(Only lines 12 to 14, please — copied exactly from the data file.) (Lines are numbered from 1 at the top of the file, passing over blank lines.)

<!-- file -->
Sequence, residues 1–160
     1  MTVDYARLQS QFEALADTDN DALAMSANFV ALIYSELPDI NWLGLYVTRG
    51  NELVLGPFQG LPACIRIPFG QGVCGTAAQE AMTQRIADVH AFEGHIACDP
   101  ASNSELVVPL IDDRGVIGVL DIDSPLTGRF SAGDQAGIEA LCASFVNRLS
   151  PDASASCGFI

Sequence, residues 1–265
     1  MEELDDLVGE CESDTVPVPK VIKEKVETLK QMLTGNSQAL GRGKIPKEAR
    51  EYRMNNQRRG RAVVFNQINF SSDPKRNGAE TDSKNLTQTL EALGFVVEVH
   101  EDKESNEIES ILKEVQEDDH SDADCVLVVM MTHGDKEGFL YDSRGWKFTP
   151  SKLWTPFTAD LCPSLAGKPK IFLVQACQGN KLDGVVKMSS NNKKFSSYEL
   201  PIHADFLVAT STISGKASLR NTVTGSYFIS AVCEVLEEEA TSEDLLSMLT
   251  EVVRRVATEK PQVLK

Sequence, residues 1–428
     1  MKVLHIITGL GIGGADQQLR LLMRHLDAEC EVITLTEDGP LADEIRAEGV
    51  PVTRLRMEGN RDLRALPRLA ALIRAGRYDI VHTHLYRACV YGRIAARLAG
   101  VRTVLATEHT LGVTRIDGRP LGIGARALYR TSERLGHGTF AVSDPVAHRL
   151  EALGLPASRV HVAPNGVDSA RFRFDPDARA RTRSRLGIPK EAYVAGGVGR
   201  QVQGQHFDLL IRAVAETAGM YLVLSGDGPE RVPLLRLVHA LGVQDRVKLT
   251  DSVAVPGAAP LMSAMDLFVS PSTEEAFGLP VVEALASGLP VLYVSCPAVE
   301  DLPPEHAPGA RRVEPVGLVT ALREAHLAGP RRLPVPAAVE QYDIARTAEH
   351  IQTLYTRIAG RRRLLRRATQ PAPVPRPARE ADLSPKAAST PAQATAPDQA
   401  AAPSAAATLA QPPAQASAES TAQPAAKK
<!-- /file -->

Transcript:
   251  EVVRRVATEK PQVLK

Sequence, residues 1–428
     1  MKVLHIITGL GIGGADQQLR LLMRHLDAEC EVITLTEDGP LADEIRAEGV